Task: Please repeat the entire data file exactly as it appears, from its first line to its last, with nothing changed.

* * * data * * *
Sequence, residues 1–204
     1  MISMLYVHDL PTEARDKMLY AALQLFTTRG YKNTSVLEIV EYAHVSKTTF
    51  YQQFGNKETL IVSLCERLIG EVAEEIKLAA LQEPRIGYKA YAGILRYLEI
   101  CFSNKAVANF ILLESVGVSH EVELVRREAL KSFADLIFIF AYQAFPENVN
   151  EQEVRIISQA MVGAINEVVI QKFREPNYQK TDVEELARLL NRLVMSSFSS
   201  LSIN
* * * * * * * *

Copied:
Sequence, residues 1–204
     1  MISMLYVHDL PTEARDKMLY AALQLFTTRG YKNTSVLEIV EYAHVSKTTF
    51  YQQFGNKETL IVSLCERLIG EVAEEIKLAA LQEPRIGYKA YAGILRYLEI
   101  CFSNKAVANF ILLESVGVSH EVELVRREAL KSFADLIFIF AYQAFPENVN
   151  EQEVRIISQA MVGAINEVVI QKFREPNYQK TDVEELARLL NRLVMSSFSS
   201  LSIN